4. In my reply to Dion, I did not mean that combatants whose actions result in the death of other combatants in wars which are unjust are necessarily guilty of murder, although their leaders might be depending upon the usual criteria of intentionality. It is a standard application of the principle of “double effect” that a combatant who knows there will be innocent lives loss by his actions but which are otherwise unintended Is not guilty of moral crime. The culpability of the terrorist who deliberately targets the innocent is plainly evident. None of this was my primary point which was that no man can plead his disagreement with the Natural Law as an excuse for his crimes because every man has the Natural Law “written in his heart” and so cannot claim ignorance of it or exemption from it. If he could then Al Capone could say that he was innocent of murder because he did not believe that killing those who got in his way was murder.
5. There have been plenty of papal condemnations of conflicts as unjust since 1789. Pope Pius VI and Pius VII both declared the French Revolutionary wars unjust as well as the Bonapartist wars. Leo XII also did so and Gregory XVI declared the Italian revolutions unjust as did Bl Pius IX. He also condemned the Irish rebellions and excommunicated the Fenians on 12 January 1870. Of course, he also did the same to the Italian rebels. The Polish rebels were also – very significantly since they were rebelling against an heretic Tsar – condemned. The First World War was variously condemned and so were the Fascist and Nazi wars. The Spanish rebels were condemned (as were some actions by the Nationalists), Paul VI condemned the anti-terrorist war against ETA and John Paul II condemned the British invasion of the Falkland Islands, albeit not formally (and, in my view, on questionable grounds) as well as the Iraq war.
St Thomas Aquinas, leading theologian of just war principles
St. Thomas would not say that a private citizen should bear ‘any’ level of injustice imposed upon him, however bad, because he expressly allows the principle of self-defence. One may defend oneself, one’s family and others, together with property. If this requires what may become a war against the government then that is justified on the principle of “double effect” provided that there is no intention to overthrow the government or to prosecute a war against it.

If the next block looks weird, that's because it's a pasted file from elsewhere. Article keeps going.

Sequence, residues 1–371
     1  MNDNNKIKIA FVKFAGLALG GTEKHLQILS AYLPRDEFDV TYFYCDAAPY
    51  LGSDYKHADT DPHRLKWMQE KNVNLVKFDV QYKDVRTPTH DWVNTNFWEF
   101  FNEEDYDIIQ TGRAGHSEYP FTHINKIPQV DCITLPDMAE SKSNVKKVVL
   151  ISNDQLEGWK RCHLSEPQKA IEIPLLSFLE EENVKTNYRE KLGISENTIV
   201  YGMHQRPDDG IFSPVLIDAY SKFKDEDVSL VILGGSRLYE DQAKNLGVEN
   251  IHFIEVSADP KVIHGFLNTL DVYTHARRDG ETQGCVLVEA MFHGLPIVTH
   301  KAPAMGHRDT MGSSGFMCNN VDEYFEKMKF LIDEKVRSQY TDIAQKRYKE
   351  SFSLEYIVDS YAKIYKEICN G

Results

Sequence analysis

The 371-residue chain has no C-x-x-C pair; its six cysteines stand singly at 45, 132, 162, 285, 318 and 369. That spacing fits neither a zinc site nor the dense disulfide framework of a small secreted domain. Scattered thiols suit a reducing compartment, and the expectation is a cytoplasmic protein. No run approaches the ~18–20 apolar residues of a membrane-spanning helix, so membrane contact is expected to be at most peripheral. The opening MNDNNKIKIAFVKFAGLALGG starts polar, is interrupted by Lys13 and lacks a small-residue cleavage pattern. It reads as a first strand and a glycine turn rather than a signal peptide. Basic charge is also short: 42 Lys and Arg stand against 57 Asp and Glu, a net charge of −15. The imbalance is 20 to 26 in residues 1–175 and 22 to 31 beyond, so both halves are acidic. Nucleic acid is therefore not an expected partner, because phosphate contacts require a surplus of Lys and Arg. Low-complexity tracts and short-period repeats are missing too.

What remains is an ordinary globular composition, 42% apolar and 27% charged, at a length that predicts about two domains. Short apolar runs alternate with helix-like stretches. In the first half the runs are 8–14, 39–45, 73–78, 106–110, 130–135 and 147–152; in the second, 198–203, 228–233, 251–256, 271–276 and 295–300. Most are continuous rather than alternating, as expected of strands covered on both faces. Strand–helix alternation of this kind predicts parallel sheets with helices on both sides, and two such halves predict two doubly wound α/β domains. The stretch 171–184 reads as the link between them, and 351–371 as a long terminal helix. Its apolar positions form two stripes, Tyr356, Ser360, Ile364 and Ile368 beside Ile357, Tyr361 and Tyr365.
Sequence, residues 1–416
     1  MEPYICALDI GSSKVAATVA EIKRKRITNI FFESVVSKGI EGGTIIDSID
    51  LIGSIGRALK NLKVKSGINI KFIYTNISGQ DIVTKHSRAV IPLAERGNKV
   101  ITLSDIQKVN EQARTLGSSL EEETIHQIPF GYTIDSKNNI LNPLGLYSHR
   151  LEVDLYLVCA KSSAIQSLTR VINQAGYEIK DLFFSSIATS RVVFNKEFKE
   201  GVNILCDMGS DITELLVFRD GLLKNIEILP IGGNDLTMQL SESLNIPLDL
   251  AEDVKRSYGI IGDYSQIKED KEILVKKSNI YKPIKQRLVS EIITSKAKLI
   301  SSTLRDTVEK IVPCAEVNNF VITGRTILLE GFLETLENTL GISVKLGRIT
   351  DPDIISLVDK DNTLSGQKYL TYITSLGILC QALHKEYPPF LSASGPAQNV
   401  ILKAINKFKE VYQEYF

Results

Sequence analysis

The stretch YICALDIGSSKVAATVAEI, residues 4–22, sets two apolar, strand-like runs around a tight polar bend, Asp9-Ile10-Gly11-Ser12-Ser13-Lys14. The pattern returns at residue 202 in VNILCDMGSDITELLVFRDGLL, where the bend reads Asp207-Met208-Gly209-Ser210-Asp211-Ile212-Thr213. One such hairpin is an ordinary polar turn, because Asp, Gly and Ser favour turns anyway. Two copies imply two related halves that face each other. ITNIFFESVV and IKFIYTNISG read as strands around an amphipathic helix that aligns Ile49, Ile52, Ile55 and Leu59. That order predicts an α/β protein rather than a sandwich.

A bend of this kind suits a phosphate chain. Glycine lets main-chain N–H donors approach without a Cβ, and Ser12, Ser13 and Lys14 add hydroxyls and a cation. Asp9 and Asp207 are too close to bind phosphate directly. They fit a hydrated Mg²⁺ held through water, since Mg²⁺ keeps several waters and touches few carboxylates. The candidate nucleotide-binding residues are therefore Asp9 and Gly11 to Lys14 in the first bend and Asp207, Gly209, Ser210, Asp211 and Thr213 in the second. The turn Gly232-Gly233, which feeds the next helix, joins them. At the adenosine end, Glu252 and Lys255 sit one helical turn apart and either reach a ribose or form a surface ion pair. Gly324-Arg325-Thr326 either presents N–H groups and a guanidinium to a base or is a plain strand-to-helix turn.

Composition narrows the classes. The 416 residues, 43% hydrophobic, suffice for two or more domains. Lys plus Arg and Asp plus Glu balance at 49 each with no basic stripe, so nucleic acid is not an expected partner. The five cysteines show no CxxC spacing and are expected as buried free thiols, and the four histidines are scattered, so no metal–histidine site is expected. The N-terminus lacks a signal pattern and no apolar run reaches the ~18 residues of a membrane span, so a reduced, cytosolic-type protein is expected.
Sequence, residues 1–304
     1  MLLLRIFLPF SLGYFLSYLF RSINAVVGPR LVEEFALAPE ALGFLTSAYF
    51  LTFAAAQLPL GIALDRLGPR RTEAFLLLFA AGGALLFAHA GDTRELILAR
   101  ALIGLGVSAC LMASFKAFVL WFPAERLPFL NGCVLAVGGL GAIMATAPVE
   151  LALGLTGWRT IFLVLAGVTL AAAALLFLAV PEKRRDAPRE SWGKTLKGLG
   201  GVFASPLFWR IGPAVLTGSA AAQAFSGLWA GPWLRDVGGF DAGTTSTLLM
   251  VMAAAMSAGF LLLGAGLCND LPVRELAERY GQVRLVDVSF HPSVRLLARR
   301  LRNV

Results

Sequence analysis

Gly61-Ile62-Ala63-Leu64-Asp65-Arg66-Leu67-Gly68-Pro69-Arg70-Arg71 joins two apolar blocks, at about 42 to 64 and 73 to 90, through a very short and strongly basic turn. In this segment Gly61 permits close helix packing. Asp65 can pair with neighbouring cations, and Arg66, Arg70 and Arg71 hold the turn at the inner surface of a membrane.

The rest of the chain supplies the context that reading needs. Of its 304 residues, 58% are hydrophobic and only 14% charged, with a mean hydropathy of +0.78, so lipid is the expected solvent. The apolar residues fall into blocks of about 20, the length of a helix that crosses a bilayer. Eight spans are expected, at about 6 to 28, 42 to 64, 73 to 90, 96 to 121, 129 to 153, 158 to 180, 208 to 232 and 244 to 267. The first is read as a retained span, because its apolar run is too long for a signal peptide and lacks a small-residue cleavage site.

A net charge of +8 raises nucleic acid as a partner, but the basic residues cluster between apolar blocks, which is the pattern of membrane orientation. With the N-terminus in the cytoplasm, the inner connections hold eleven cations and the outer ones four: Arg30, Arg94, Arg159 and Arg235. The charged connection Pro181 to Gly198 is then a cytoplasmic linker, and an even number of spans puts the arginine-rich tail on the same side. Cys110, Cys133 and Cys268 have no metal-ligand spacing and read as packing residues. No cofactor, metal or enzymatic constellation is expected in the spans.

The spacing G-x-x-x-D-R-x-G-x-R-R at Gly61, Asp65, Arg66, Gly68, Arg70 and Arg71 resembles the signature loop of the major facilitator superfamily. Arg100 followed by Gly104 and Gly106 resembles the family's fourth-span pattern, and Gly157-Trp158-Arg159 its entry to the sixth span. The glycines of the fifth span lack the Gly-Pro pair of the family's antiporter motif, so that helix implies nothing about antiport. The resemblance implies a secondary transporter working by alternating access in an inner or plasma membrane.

If, however, the government was never a legitimate one then a war might be prosecuted against it (subject to all the usual just war criteria) in order to restore the legitimate government.
This was the purpose behind the Jacobite and Carlist wars and – arguably – the US War between the States. The South were seeking to restore the original Constitution as against the effectively new and unauthorised Constitution imposed by Lincoln and the Northern Yankees.
The governments of the Soviet Union, China, Cuba and North Korea were all illegitimate governments imposed by revolution and force of arms against legitimate governments. So long as they continued to be illegitimate in that sense it would be open to anyone (subject to all the other just war criteria) to rise up against them to restore the true and legitimate government (if there was one).
"Manifest Destiny" was just a re-run of the old Puritan and Cromwellian cry that the Protestant white man was pre-destined by an apparently arbitrary God to rule over all other men as a "chosen people" of Biblical stature who would be enriched in a new republic designed chiefly for their benefit. It is, of course, unbiblical nonsense.
I agree that “Manifest Destiny” is really an outgrowth of the theology of certain Protestant groups (often Calvinists) who beleive in the “God is on our (America's) side” school of thinking and I agree that this theology – like that of the Cromwellian Puritans and the Afrikaner Boer Vortrekker people – tends to give the impression of a status of “chosen people” based upon the nation of Israel as a chosen people.
That is one of the reasons why I am opposed to such Americanist Yankee nonsense. It does no good to America nor to the rest of the world.
But you cannot persuade Americanists of this view. They simply stick their fingers in their ears and shout pro-Americanist slogans.